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The world journeys into the Green Age and renews old themes. Chapters of political history grow thick with the value that accrues from whatever.
So it was and ever shall be, for better and worse. Biblical enterprises valued gold, frankincense and myrrh. Explorers in the Age of Discovery sought gold and silver fit for royal heads and sought trade routes to faraway lands of spices and silk.
The Ottoman Empire took control of Constantinople in 1453 and blocked European ventures. Access was cut off to North Africa and the Red Sea – important trade routes to the Far East.
Recent trade wars revolve around oil riches. Now comes the Green Age with its computers, energy efficiency and renewable energy, about to give “black gold” a run for its money.
Breaking News! Sept. 22, 2010 - Hong Kong: Fishing skirmish in disputed waters worsens, China halts export of rare earths to Japan.
Rare earths are the latest resources to roil world politics. The Green Age comes of age.
“Rare earth” is its own category of 17 elements. “Rare” in the name implies scarcity, but denotes a set of traits.
The tag is an artifact of history tied to chemical behavior and atomic order.
The unfamiliar atoms work wonders in copious high-tech products, from wind and solar power to lasers and TV screens. Hybrid cars and wind turbines get more efficient by using strong lightweight magnets that need the rare earth element, neodymium. Batteries in the Prius need lanthanum.
Compact discs use dysprosium. Lasers use praseodymium, samarium and europium, among others. Indium boosts the capacity of solar panels, though new materials are on the horizon. LEDs and cell phones call for rare earths. The picture grows clear.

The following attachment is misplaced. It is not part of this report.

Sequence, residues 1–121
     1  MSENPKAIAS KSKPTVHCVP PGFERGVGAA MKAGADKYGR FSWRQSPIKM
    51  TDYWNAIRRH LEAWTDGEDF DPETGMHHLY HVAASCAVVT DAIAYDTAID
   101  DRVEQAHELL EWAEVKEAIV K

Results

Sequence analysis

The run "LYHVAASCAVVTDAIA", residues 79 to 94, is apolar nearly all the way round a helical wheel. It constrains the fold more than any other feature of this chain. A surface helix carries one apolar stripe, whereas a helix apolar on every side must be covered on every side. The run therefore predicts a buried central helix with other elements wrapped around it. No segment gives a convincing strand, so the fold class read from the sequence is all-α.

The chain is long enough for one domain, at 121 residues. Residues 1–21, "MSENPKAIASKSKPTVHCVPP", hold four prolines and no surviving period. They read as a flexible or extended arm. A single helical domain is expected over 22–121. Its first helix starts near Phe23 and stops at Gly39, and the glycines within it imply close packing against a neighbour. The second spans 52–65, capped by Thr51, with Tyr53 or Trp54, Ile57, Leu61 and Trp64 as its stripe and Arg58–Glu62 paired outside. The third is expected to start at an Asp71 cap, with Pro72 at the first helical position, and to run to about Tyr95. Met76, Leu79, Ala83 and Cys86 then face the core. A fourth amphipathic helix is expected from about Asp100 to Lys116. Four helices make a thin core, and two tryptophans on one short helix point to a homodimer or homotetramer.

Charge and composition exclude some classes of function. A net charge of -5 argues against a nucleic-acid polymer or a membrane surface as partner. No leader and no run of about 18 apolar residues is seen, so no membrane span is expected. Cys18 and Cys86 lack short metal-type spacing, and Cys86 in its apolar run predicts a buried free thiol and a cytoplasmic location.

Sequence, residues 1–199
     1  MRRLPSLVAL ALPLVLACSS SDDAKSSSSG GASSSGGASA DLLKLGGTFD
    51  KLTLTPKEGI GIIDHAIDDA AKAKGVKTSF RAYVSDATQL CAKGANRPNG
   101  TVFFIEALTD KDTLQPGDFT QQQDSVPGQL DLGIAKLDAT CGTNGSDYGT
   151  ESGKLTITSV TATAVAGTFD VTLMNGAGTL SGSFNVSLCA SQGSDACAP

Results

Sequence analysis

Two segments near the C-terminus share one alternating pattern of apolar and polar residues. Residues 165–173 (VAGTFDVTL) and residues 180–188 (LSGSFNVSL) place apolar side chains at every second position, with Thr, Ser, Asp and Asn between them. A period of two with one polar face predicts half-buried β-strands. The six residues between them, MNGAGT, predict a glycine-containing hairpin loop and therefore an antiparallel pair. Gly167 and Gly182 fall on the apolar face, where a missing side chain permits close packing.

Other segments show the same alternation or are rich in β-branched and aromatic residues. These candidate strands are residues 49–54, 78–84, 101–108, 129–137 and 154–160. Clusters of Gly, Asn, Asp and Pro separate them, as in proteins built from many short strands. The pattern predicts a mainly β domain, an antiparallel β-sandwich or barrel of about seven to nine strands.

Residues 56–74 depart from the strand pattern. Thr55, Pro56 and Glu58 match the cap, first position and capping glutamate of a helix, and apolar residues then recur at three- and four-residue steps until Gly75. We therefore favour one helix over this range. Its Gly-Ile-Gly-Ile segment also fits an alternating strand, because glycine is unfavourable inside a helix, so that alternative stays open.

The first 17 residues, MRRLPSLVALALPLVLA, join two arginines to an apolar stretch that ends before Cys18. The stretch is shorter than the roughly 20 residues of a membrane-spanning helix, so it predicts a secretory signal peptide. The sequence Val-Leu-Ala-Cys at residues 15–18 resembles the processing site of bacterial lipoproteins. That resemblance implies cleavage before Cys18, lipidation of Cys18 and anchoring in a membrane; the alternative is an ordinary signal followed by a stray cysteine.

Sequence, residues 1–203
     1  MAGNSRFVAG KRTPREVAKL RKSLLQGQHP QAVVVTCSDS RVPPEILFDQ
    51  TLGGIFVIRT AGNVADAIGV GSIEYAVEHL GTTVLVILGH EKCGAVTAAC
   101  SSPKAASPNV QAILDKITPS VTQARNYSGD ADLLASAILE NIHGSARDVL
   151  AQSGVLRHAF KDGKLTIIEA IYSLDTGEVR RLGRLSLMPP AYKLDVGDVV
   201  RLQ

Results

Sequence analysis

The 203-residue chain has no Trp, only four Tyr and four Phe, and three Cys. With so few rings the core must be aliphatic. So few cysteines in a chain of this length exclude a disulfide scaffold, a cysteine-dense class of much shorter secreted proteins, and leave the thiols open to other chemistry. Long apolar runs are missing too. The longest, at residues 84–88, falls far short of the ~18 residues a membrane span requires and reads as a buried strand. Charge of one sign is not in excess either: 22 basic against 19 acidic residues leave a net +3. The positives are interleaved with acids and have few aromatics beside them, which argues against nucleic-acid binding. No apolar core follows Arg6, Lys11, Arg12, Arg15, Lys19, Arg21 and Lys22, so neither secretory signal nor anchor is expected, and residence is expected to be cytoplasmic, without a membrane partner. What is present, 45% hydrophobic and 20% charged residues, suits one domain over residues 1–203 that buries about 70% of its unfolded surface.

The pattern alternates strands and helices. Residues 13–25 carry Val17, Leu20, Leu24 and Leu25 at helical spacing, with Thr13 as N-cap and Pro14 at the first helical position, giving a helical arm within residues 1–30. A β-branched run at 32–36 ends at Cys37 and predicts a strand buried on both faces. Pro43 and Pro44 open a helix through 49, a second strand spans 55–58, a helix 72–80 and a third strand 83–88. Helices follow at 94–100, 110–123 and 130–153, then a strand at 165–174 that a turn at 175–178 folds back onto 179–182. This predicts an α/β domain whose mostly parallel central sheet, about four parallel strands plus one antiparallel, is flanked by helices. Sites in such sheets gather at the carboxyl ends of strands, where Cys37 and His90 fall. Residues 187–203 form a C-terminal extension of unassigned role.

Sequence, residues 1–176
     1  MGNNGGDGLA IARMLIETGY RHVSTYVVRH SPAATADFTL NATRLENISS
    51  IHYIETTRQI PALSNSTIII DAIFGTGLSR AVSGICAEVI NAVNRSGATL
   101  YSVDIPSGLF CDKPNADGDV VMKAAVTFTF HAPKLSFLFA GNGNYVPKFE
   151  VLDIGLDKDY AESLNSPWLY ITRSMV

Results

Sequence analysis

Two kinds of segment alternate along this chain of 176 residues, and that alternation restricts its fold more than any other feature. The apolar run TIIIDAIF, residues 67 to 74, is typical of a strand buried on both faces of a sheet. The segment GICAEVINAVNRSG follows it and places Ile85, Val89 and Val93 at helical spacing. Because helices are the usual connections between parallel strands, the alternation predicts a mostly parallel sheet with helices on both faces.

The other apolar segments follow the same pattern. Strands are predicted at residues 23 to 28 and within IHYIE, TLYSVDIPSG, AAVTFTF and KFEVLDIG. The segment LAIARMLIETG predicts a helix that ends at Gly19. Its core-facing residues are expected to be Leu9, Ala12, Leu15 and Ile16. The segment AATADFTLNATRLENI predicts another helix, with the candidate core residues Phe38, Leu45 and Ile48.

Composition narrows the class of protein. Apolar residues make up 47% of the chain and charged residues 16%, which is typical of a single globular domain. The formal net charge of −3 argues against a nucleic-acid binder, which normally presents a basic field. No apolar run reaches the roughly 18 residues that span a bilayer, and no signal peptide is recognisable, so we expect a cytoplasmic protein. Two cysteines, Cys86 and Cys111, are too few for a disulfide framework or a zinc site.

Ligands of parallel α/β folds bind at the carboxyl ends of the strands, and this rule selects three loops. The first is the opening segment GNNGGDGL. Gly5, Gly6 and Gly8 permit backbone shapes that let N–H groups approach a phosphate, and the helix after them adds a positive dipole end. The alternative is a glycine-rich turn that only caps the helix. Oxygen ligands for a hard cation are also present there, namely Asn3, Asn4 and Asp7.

It looks the same in the military. Rare earths are used in rangefinders on tanks, sonar systems for ships and subs, control vanes on smart bombs and missile guidance motors.
China now mines 93 percent of the world’s rare earth materials and is the world’s source for 99 percent of some of the most prized rare earths, selling for several hundred dollars a pound.
The Green Age, like the environment itself, is a curious weaving of many threads.
Major deposits of rare earths also are found outside of China. Mountain Pass, Calif., not far from Las Vegas, has a notable history in mining the minerals. The rich ore deposit was discovered by two uranium prospectors in 1949.
The nuclear hunters found the site while tracking the high radiation from thorium, radium and uranium.
Geochemistry settles radioactive minerals in with rare earth ores, which makes problems in processing rare earths. Mills risk leaks of radiation and disposing of radioactive thorium is difficult and costly.
Molybdenum Corp. of America began extracting rare earths at Mountain Pass in 1952. Production grew and dominated the world market from the 1960s to the 1980s.
Problems grew, too. Between 1984 and 1998, some 60 spills left radioactive wastes on the desert floor near the Nevada border. The spills amounted to 600,000 gallons, for which fines and settlements totaled $1.4 million. The Mountain Pass mine closed in 2002, and plans now to reopen in 2011. The mine closed for a sum of reasons.
One was prices for rare earths were driven down when the Bayan Obo mine opened in China in the mid-1980s. Bayan Obo has a wider variety of rare earths than Mountain Pass, especially the more desired ones on the heavy end. The U.S. mine’s environmental problems also contributed.
New technologies are cleaner and more efficient. The change they bring is a lens for seeing the things that stay the same. The age-old puzzles of human nature and resources persist.
By John Bartlit
New Mexico Citizens
for Clean Air & Water